Dixon confessional.

Right up front: I not sure if I can finish Meyer.  I’ve hemmed, I’ve hawed, but here’s the thing: not enjoying it.  It’s drudgery, it’s a slog, it’s not enjoyable, it’s killing my Dixon buzz.  The oft-aforementioned trademark zest is lacking.  It’s not an awful book; it’s far from an awful book.  It starts with Meyer – a writer – trying to work through some blockage.  From the summary:

Meyer proceeds to rifle through all the possible aspects of his life that could make for good fiction, and to try whatever it takes to get writing again. Sometimes sex with his wife helps, so he tries that without luck-several times, just to be sure. He wonders if he should try sex with one of the neighbors. He wonders if he should try writing about his parents’ death . . . again. He wonders about concocting awful things for himself and his family. He wonders about concocting wonderful things for himself and his family. He wonders what he’s doing, and tries sex with his wife again.

True enough, excerpt that the usual digressions all seem to lose steam as he follows them.  In a way, I guess it’s a successful look at a writer trying out different approaches to getting things moving again, with limited and variable levels of success.  Except maybe less on the successful side – ideas are teased out, but they don’t seem to go anywhere.  Maybe further on in the book the loose ends are gathered up, but in the meantime, it reads like your oldest uncle regaling you with unbearable levels of detail as he tries to remember who said what to who, on which vacation, and which friend took a picture of that day and mailed it, but to which address?  Which, again, could be considered success based on the theme of the book, but as for an enjoyable read, not so much.  Not for me, not given my already truncated time for reading; I need to squeeze out every ounce of enjoyment before I either fall asleep or have to go change a diaper.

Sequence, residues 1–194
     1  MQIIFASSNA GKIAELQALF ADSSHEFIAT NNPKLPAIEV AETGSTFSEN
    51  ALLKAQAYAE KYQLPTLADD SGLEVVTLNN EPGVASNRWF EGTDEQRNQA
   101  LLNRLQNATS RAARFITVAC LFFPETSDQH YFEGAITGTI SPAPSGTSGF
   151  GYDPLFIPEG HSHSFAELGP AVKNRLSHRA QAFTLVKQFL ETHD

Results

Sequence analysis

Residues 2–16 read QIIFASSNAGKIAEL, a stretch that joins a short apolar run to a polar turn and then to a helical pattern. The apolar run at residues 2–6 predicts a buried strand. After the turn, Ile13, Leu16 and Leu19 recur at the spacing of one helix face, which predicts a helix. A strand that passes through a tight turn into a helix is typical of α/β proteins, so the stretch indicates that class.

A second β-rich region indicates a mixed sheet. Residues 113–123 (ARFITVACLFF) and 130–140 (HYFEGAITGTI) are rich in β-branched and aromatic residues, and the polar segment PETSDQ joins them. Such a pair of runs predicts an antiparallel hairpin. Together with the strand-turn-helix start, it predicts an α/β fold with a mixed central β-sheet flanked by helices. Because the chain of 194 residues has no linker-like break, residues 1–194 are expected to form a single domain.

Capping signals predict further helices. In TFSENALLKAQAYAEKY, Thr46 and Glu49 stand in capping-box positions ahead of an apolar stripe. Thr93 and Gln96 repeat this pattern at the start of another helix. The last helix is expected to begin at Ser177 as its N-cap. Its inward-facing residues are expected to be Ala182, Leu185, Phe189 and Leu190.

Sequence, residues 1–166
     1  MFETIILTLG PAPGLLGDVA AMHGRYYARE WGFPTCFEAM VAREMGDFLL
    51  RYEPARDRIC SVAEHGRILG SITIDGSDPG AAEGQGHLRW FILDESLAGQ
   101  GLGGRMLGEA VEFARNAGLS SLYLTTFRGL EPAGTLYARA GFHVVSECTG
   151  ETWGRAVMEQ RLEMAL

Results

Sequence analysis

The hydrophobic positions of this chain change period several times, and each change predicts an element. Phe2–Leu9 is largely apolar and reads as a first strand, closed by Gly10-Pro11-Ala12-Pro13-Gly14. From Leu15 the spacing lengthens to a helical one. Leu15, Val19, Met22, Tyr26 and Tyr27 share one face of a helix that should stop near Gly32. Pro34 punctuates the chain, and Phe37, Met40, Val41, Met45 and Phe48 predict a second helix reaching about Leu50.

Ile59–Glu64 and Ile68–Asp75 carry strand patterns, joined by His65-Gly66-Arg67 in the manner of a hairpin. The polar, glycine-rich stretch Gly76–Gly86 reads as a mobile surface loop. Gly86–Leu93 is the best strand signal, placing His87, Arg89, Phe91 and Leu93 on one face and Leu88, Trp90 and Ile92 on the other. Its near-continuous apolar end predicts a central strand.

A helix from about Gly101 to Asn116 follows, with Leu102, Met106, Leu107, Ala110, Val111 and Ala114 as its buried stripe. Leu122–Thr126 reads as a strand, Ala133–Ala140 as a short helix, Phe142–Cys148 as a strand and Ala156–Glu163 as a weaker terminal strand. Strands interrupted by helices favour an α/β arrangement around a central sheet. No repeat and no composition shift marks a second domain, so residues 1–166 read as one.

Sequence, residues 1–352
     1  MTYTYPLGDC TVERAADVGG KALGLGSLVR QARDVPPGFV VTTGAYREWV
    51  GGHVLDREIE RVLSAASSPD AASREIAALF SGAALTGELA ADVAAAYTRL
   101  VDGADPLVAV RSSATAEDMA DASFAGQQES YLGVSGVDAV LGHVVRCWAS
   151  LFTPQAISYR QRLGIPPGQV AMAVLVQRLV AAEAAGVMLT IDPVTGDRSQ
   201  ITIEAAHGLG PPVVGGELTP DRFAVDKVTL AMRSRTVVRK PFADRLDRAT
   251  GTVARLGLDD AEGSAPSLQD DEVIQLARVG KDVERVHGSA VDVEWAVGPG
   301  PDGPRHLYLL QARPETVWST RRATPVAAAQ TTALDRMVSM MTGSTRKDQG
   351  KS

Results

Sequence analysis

It’s a sad feeling when you come across that first book that you just aren’t digging by an author you really, really like (The Brooklyn Follies, After Dark, and now this) – especially when you’ve looked forward to it so.  Makes me afraid to read beyond the two Mitchell books (Cloud Atlas, Ghostwritten) that I’ve read.  (I still haven’t read Wolff’s This Boy’s Life.)

I’m going to take a break from it and try to come back later.  I’ll be interested to see what other Dixon enthusiasts think of the book…

4 Replies to “Dixon confessional.”

  1. Do you have a recommendation for which book should be a person’s first Dixon read? He’s on the list, but I’m not sure where to start.

  2. I started with “I.” as part of McSweeney’s bundle (link below) – that worked for me, but my favorite to date is “Old Friends.” “Interstate” is very well-respected, as well –

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